Creating Cells (Like Voronoi) Based on the Size of an Area

Hi there,

I’m an Urban Designer and using Rhino extensively for our projects.

Today we had a golden thought of grasshopper support that would greatly help and improve my productivity tremendously!! Here is the question:

As urban designers, we are creating residential areas and creating parcels as division areas.

I was wondering is there any way the create a grasshopper function, that makes the automatic area divisions based on areas we define.
For example, if we play with a parameter of 1000m2 it would create cells of 1000m2 areas inside a curve.
And if we define it to 800m2, it would create areas with 800m2 with more cells…

Here is an example of what we could be able to achieve

Above we were able to divide the area with the same length Crv sections… but not based on areas.
What we are trying to achieve is not based on the length of the crv but based on the areas we are creating.

Because in this example we did, areas are very different as you can see from the image below

Any suggestions for achieving this solution?

ps: solution of those would be greatly helpful for any urban designers for their conceptual density calculation phase and the solution will be nominated as a gift to mankind :))

Just trying this using Kangaroo and the PolylineArea goal with the onCurve goal.

Need to keep the points in order around the curves but it might work… (14.0 KB)

I bet @DanielPiker could do this in 30seconds :slight_smile:

(Post curve examples to test on please!)

I didn’t open your file yet, but it sounds like something a bit similar to this thread:

It’s similar but in that example the plots seem to have been roughly drawn and then equalised whereas in this example we start with an outer and inner curve that need to be split into equal target areas. The plot corner points need to stay on the original curves AND not slide past each other. I can’t figure out how to stop the points sliding past each other or whether there is another way of doing this.

Like what you did here for repulsing points on a messy curve…

In this discussion @DanielPiker posted a definition with a C# Kangaroo custom goal to repel points on a curve or a mesh I think. It’s in the attached definition

I’d do it like this -
Aligning the seams of the curves first gives a reasonable initial division, then clamping edge lengths so they don’t get too short, and a weak angle goal keeping them approximately rectangular to not get too skewed. (17.7 KB)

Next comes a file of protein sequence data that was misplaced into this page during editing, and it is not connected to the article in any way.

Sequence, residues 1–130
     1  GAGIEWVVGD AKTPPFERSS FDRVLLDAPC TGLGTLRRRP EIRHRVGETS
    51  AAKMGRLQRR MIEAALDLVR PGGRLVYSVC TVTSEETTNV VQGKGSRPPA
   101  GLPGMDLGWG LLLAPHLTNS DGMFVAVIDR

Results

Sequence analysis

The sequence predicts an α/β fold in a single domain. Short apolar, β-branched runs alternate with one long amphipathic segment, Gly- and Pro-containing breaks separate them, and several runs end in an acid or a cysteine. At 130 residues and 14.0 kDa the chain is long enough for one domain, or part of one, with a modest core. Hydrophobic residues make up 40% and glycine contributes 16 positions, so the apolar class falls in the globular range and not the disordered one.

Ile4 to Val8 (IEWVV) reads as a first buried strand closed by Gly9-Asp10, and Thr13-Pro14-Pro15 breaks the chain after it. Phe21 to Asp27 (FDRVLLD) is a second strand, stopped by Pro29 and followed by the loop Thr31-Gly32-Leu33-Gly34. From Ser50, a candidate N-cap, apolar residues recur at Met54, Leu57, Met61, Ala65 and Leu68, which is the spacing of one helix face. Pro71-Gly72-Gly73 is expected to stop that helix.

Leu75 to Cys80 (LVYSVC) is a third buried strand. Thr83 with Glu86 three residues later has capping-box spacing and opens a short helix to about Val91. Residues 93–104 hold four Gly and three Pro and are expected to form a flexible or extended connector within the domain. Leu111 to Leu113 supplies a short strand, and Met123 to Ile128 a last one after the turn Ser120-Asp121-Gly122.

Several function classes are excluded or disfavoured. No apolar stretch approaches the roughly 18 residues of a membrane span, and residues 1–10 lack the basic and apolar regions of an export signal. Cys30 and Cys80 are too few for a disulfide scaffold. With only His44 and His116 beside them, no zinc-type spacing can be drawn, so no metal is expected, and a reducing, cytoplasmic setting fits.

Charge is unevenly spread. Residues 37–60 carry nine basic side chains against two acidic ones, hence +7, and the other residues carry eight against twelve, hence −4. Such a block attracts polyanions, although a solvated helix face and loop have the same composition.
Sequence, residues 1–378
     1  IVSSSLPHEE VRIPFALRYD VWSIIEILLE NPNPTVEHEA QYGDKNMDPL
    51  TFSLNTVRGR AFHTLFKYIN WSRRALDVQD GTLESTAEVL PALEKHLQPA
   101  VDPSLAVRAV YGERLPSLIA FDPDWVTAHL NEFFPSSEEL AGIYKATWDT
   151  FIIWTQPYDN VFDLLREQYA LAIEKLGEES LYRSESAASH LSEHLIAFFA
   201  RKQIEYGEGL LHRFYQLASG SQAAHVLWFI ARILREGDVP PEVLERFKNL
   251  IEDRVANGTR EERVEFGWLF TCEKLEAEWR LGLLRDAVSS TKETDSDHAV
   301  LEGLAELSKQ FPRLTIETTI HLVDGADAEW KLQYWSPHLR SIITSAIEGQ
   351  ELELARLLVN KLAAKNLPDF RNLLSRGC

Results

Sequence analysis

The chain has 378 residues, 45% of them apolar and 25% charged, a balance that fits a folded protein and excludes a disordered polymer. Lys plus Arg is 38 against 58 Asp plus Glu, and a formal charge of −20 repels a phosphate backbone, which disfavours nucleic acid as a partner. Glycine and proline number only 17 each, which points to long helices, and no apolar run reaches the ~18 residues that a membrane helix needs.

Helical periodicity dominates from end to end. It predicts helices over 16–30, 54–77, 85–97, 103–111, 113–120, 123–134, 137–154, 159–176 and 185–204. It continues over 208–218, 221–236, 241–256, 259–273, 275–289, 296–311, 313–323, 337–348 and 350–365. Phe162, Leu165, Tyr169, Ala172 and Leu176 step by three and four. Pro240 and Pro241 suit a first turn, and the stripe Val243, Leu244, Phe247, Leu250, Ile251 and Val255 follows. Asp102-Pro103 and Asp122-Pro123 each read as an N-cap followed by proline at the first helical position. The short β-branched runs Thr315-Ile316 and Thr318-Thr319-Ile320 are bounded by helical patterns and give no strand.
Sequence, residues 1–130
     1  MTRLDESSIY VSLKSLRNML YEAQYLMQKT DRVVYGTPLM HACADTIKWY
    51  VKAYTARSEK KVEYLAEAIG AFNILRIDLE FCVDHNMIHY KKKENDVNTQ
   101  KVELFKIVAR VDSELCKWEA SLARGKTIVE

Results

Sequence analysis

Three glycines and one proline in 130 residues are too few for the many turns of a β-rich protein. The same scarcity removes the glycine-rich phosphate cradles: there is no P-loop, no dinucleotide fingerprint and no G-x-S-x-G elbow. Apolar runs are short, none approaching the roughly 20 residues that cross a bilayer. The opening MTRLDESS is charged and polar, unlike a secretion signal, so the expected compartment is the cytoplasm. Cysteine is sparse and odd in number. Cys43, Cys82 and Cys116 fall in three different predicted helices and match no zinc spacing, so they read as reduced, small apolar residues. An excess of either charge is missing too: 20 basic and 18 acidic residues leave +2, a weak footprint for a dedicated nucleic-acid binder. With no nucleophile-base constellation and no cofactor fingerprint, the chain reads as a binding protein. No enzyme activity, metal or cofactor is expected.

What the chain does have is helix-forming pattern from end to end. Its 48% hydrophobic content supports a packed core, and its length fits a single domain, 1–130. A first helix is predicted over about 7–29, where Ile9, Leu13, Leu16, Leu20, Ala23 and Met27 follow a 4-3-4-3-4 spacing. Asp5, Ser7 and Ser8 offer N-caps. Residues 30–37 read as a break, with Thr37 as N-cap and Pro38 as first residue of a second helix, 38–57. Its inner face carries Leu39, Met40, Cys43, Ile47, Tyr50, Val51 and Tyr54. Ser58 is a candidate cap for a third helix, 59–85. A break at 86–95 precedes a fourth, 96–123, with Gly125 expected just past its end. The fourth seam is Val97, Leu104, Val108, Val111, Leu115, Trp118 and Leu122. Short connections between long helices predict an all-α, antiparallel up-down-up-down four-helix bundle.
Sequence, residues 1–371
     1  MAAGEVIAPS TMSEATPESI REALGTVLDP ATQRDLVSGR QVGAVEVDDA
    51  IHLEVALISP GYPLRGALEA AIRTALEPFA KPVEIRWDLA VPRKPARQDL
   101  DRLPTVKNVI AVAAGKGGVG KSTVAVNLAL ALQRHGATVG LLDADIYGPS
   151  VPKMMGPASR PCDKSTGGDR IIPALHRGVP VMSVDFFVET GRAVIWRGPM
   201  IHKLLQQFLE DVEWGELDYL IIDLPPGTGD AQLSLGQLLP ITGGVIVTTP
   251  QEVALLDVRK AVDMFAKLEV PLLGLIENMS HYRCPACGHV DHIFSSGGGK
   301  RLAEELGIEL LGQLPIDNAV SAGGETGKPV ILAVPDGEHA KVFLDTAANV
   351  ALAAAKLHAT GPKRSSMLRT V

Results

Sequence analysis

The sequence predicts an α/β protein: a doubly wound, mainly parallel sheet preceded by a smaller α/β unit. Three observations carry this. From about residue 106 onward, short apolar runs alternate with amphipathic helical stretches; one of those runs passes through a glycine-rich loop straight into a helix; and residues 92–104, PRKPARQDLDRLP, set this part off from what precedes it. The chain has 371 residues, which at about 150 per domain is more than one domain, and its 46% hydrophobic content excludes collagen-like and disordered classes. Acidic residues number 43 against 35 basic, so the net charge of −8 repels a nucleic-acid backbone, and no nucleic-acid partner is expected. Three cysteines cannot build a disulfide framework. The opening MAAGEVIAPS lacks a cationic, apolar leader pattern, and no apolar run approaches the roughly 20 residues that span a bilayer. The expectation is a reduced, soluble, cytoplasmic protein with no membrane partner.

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Is that EqualArea goal the same as the PolygonArea goal?
I think this will work in some instances but I still get points sliding past each other …

I agree that setting the curve seams is important.

EqualArea is different because the target areas are not set as input, only that they all need to be the same.
Dividing the area between the curves by the number of plots probably works well enough too, but the sum of the areas of the straight sided quadrilateral plots will be slightly different and EqualArea allows this to adjust.

To avoid them sliding past each other you probably just need to adjust some of the strengths or the ClampLength lower limit if your input curves are at a very different scale to the example I posted. If you share the file I can show this.

For stronger protection against overlaps you could potentially use another goal keeping points in the same order in the curve parameter space (I think I did post a goal for this once in relation to developable lofts), but I don’t think it should really be necessary here.

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This sort of works but the corner cutting plots will be a problem…
image (20.2 KB)

You’re missing the angle goals I included in my example file above. Using this to reduce the skew also reduces the corner cutting.

If you did want to model the plots as more than just straight sided quads to more closely follow the curve, the area goals do work with general polylines so you could have several points along the inside and outside curve for each plot. You’d probably want some length equalization of the segments to keep them well spaced.


I think the corner cutting is just where there are areas of high curvature in the input curves.

I’ve split the input curves at the division parameters and then divided these sub curves to create higher resolution polylines. It works OK to begin with but always drifts away from ideal as points seem to slip past each other.

Its as if we need the points to behave as if they were on a queued conveyor (I remember a Kangaroo conveyor example but I don’t think its relevant)

The RigidPointSet goal looks similar to what I’m after but I don’t understand it properly.

image (34.9 KB)

I tried using SphereCollide with OnCurve to stop the points sliding past each other (a point would need to deviate from the curve by the sphere radius to get past another point on the curve) and it works sometimes but needs tweaking depending on how many points the curve gets split into and the radius of the spheres used to prevent the points passing each other whilst remaining on the curve… (27.2 KB)

The sphere radius can stop it finding a solution though because the points can’t move closer together than 2 * SphereRadius.

Perhaps there is a good combination of strengths for the goals that works with most curves.

Could do with some real world examples to test it more.